To help them understand this concept better, I always compare the human body to a car. Can a car run properly with no fuel (gas)? Can a body run properly with no fuel (food)? Also, if your car requires premium gas, will it run properly if you use regular unleaded? The same applies to your body - it’s not only IF you’ve eaten, but WHAT you’ve eaten - and on a school day, it’s all about what you have for breakfast.




Although it may sound cliche, breakfast is the most important meal of the day. Eating breakfast has a positive effect on cognitive performance, particularly in the domains of memory and attention. “I feel that when I eat a good full breakfast I will be able to have more energy for all my classes, all the way to study hall,” said a CH-CH student when asked about breakfast on my survey.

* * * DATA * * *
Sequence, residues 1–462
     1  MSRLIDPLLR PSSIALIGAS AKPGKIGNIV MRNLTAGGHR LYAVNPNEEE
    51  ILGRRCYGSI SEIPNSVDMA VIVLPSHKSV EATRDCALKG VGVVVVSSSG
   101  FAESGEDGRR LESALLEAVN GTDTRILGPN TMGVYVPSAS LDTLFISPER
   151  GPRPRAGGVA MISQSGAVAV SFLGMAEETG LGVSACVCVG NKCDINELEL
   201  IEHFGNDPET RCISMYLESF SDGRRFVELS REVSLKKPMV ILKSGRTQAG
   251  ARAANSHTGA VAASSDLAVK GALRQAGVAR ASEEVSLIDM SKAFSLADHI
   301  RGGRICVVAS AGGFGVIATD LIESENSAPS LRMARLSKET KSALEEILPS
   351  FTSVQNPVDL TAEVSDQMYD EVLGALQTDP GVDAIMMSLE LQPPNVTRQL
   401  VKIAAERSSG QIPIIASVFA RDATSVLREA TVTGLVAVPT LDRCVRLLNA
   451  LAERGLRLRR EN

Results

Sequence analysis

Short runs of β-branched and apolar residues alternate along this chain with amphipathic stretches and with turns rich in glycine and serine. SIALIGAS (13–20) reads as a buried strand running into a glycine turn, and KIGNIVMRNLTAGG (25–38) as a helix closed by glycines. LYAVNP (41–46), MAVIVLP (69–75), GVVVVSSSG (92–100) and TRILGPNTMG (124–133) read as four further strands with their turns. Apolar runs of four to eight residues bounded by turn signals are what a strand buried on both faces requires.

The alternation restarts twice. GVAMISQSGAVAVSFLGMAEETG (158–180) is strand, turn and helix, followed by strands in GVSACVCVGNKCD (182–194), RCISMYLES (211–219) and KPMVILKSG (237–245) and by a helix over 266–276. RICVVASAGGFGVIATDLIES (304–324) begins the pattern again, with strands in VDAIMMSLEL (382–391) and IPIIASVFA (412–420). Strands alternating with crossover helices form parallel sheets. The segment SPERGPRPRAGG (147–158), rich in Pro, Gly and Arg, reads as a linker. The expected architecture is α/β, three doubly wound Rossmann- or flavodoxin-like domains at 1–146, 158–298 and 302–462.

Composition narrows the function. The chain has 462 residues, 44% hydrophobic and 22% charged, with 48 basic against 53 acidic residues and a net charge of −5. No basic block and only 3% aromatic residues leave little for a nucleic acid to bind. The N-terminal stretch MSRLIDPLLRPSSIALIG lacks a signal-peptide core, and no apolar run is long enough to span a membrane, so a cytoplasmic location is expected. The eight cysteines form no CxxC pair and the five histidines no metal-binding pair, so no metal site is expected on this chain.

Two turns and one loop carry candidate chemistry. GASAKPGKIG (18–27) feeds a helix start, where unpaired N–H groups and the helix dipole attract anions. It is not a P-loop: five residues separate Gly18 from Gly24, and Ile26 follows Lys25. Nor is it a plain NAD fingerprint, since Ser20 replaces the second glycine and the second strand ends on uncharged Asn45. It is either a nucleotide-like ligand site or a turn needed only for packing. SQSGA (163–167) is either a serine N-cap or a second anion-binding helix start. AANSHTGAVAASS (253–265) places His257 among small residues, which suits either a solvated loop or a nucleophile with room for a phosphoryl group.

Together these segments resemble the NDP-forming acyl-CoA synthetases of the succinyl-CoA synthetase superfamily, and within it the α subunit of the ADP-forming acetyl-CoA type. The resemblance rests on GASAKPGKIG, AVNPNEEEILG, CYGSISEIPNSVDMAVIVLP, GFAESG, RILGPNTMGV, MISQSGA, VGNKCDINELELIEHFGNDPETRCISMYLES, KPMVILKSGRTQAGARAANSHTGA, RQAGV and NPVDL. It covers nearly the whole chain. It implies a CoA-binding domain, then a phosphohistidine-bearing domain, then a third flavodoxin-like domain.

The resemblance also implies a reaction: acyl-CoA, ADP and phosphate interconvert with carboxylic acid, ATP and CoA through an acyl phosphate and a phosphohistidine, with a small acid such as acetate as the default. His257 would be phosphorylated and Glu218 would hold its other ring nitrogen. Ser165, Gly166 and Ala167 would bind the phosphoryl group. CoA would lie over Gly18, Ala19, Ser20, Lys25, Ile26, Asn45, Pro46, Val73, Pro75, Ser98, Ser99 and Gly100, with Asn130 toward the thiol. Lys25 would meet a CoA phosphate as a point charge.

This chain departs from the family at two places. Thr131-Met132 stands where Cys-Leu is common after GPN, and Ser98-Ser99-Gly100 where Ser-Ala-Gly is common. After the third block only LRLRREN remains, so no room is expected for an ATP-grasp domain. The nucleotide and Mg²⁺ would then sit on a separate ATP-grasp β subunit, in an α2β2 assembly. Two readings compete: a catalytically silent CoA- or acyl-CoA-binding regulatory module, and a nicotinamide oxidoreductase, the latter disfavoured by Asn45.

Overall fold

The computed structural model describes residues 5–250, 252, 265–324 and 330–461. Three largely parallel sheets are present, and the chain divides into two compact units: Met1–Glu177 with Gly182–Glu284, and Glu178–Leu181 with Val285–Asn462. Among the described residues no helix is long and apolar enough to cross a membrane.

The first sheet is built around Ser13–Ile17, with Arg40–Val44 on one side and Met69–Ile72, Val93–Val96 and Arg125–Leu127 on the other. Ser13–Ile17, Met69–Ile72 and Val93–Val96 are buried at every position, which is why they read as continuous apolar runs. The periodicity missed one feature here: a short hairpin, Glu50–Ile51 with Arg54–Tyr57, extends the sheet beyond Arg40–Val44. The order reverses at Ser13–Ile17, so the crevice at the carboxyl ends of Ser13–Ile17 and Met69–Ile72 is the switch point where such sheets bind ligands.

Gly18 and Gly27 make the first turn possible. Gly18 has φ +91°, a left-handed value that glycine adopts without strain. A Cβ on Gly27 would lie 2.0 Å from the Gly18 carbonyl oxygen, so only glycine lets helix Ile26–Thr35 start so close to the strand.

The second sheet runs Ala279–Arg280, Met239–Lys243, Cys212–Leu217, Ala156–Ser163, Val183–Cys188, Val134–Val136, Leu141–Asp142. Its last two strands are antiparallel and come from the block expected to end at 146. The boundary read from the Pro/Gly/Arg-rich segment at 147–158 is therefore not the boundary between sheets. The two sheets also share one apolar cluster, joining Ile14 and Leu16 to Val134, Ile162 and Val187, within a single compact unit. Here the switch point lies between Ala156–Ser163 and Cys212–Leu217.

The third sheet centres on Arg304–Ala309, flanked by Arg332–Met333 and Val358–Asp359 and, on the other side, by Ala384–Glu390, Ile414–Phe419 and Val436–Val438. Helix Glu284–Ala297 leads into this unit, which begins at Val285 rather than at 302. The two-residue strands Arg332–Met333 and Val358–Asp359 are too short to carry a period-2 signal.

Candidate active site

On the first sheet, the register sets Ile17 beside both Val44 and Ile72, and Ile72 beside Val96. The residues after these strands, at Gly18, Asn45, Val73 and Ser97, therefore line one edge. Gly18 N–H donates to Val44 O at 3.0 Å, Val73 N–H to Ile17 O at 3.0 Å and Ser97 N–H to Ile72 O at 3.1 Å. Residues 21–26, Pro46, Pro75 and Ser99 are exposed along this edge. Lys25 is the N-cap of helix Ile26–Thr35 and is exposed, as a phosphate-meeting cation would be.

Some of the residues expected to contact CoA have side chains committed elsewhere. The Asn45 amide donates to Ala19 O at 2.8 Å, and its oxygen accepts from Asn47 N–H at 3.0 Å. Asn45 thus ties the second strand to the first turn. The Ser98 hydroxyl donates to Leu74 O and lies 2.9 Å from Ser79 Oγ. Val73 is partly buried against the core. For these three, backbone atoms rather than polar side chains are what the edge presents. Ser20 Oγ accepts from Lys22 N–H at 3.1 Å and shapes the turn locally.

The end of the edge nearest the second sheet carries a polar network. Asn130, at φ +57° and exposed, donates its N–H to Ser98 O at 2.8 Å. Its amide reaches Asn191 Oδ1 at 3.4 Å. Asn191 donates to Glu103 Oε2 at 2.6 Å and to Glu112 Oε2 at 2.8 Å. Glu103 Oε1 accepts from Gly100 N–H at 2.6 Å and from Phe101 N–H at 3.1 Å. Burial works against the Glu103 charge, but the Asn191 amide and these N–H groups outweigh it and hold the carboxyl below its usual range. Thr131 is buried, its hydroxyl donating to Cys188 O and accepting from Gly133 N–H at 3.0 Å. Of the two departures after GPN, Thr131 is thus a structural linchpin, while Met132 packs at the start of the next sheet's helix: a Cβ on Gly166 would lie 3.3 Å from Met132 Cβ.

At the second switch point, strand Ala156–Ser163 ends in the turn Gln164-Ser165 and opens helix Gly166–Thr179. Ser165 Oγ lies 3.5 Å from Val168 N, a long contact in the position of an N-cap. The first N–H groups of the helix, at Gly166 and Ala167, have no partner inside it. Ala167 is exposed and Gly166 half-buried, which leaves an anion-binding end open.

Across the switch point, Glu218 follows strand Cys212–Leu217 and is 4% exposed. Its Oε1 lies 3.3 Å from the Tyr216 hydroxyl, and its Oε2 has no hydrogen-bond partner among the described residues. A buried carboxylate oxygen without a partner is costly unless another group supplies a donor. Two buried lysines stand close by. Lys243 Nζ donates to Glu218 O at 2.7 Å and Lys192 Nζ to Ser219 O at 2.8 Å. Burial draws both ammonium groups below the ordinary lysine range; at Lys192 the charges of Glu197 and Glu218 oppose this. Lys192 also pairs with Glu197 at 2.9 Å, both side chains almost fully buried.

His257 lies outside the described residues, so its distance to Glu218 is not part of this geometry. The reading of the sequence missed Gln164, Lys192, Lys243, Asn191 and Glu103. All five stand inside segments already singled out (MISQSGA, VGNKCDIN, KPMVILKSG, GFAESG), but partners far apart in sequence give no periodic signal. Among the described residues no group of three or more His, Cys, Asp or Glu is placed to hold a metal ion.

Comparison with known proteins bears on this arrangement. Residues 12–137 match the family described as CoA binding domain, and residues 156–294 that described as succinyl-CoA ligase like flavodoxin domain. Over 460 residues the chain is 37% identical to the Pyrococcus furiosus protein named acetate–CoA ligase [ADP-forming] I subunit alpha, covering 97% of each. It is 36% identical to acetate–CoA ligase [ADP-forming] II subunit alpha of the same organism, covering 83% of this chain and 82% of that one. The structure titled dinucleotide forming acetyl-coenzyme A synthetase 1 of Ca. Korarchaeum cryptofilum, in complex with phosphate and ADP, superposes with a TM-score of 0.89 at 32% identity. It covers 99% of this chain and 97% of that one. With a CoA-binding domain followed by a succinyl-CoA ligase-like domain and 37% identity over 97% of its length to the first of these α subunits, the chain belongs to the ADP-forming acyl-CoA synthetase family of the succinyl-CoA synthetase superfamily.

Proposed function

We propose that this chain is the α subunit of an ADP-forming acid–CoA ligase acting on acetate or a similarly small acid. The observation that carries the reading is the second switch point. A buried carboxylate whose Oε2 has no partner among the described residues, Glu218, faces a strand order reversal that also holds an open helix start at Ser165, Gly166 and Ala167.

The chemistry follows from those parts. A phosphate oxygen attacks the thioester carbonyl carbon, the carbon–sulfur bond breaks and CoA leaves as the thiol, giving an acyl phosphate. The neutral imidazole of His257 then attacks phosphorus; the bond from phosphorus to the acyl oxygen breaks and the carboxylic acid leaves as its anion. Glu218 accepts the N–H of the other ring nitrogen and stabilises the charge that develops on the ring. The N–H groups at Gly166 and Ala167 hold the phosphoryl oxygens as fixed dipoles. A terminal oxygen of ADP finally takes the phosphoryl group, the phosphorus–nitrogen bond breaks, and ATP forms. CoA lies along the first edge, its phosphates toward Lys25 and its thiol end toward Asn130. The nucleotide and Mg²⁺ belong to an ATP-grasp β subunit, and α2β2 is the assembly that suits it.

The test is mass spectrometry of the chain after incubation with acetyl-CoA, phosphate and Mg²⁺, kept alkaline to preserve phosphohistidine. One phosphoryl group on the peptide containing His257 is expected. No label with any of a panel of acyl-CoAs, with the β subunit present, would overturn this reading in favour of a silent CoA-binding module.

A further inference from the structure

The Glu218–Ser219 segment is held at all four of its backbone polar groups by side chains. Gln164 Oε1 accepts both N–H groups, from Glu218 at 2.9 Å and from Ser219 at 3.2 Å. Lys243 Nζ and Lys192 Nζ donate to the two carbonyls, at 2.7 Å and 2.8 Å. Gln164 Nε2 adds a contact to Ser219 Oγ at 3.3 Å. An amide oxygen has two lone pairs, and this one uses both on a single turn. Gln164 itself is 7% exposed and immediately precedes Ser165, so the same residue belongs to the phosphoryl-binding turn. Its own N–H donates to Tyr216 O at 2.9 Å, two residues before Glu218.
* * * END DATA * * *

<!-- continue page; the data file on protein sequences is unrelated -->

Allowing yourself time in the morning to “wake up” and eat a healthy breakfast may be easier said than done, but once you get into the routine chances are you will find yourself more attentive and engaged in the classroom (especially in your 8:00 am class).

Students shouldn’t put too many limits on what they eat, because after all, their bodies are still growing. However, they should consider what they’re eating combined with other meals throughout the day. In the survey, one student noted: “Healthier foods give me more energy so that I don’t lose my attention span in class.” Luckily for CH-CH students, the Charger Café has plenty of healthy options offered at every meal. For lunch, there’s a large salad bar with tons of variety, an extensive deli bar, and wonderfully prepared salads. Personally, I find the warm options to be slightly on the heavier side but perfect for a hearty dinner.